The effect of an earthquake on the Earth's surface is called the intensity. The intensity scale consists of a series of certain key responses such as people awakening, movement of furniture, damage to chimneys, and finally - total destruction. Although numerous intensity scales have been developed over the last several hundred years to evaluate the effects of earthquakes, the one currently used in the United States is the Modified Mercalli (MM) Intensity Scale. It was developed in 1931 by the American seismologists Harry Wood and Frank Neumann. This scale, composed of increasing levels of intensity that range from imperceptible shaking to catastrophic destruction, is designated by Roman numerals. It does not have a mathematical basis; instead it is an arbitrary ranking based on observed effects.
The Modified Mercalli Intensity value assigned to a specific site after an earthquake has a more meaningful measure of severity to the nonscientist than the magnitude because intensity refers to the effects actually experienced at that place.
The lower numbers of the intensity scale generally deal with the manner in which the earthquake is felt by people. The higher numbers of the scale are based on observed structural damage. Structural engineers usually contribute information for assigning intensity values of VIII or above.
The following is an abbreviated description of the levels of Modified Mercalli intensity.
|I||Not felt||Not felt except by a very few under especially favorable conditions.|
|II||Weak||Felt only by a few persons at rest,especially on upper floors of buildings.|
|III||Weak||Felt quite noticeably by persons indoors, especially on upper floors of buildings. Many people do not recognize it as an earthquake. Standing motor cars may rock slightly. Vibrations similar to the passing of a truck. Duration estimated.|
|IV||Light||Felt indoors by many, outdoors by few during the day. At night, some awakened. Dishes, windows, doors disturbed; walls make cracking sound. Sensation like heavy truck striking building. Standing motor cars rocked noticeably.|
|V||Moderate||Felt by nearly everyone; many awakened. Some dishes, windows broken. Unstable objects overturned. Pendulum clocks may stop.|
|VI||Strong||Felt by all, many frightened. Some heavy furniture moved; a few instances of fallen plaster. Damage slight.|
|VII||Very strong||Damage negligible in buildings of good design and construction; slight to moderate in well-built ordinary structures; considerable damage in poorly built or badly designed structures; some chimneys broken.|
|VIII||Severe||Damage slight in specially designed structures; considerable damage in ordinary substantial buildings with partial collapse. Damage great in poorly built structures. Fall of chimneys, factory stacks, columns, monuments, walls. Heavy furniture overturned.|
|IX||Violent||Damage considerable in specially designed structures; well-designed frame structures thrown out of plumb. Damage great in substantial buildings, with partial collapse. Buildings shifted off foundations.|
|X||Extreme||Some well-built wooden structures destroyed; most masonry and frame structures destroyed with foundations. Rails bent.|
Abridged from The Severity of an Earthquake, USGS General Interest Publication 1989-288-913
History and Details of MMI
The following is an excerpt from Intensity Distribution and Isoseismal Maps for the Northridge, California, Earthquake of January 17,1994.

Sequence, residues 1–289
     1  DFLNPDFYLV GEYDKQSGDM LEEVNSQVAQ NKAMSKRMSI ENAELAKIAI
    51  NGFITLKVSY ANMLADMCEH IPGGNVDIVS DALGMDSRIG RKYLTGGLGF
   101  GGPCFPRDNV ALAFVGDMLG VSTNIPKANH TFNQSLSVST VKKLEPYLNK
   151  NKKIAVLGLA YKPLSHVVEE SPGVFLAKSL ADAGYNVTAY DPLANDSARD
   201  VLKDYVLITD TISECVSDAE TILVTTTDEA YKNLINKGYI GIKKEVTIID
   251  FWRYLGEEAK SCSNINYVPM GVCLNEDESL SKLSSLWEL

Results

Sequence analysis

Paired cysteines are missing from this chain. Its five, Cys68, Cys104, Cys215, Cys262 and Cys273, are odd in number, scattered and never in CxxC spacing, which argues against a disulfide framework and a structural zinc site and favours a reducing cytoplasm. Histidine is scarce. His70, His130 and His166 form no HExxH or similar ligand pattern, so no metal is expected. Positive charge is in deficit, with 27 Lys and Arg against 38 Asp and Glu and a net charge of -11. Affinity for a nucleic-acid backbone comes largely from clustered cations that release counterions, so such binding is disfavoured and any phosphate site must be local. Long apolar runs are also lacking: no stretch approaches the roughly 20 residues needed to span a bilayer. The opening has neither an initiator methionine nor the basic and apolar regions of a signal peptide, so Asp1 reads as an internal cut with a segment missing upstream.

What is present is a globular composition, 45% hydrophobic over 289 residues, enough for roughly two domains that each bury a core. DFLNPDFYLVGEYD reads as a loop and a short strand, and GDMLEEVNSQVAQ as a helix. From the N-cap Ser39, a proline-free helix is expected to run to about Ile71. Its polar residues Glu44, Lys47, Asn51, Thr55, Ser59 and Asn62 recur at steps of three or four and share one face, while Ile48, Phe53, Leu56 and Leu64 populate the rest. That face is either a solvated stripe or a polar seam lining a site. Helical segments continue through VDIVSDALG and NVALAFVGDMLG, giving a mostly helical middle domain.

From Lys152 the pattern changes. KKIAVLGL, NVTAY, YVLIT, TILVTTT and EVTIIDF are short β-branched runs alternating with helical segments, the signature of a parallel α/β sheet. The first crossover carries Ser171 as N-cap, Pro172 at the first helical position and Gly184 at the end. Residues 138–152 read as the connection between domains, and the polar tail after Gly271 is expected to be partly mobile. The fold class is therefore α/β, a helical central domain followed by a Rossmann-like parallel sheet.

The intensity of an earthquake at a location is a number that characterizes the severity of ground shaking at that location by considering the effects ofthe shaking on people, on manmade structures, and on the landscape.
Intensities assigned by the U. S. Geological Survey and (prior to 1973) by agencies in the U. S. Department of Commerce have for many decades been based on the Modified Mercalli Intensity Scale of 1931 (Wood and Neumann, 1931), which we usually refer to simply as the "Modified Mercalli" or "MM" scale. The scale lists criteria that permit the seismologist to represent the severity of ground shaking in a community or part of a community by a number. Experience with the MM scale in the decades since 1931 has shown that some criteria are more reliable than others as indicators of the level of ground shaking. Moreover, construction methods have changed appreciably since the scale was introduced. Assigning of MM intensity values therefore involves use of the original criteria of Wood and Neumann (1931) with amendments and modifications that have been developed in the decades since 1931.
The Modified Mercalli scale is given as originally abridged by Wood and Neumann (1931) ... the unabridged scale is reproduced in Stover and Coffman (1993). ... Since 1931 ithas become clear that many phenomena that Wood and Neumann (1931) originally used as criteria to define the highest Modified Mercalli intensities (X and above) are related less to the level of ground shaking than to the presence of ground conditions susceptible to spectacular failure or to the ease with which seismic faulting of different style and depth can propagate to the ground surface. Criteria based on such phenomena are downweighted now in assigning of USGS intensities (Stover and Coffman, 1993).
- Dewey, James, B. Glen Reagor, L. Dengler, K. Moley (1995). Intensity Distribution and Isoseismal Maps for the Northridge, California, Earthquake of January 17,1994, USGS Open-File Report 95-92.
- Stover, C. W., and Coffman, J. L. (1993). Seismicity of the United States, 1568-1989 (Revised): U. S. Geological Survey Professional Paper 1527, 418 p.
- Wood, H. O., and Neumann, Frank (1931). Modified Mercalli Intensity Scale of 1931: Seismological Society of America Bulletin, v. 21, no. 4, p. 277-283.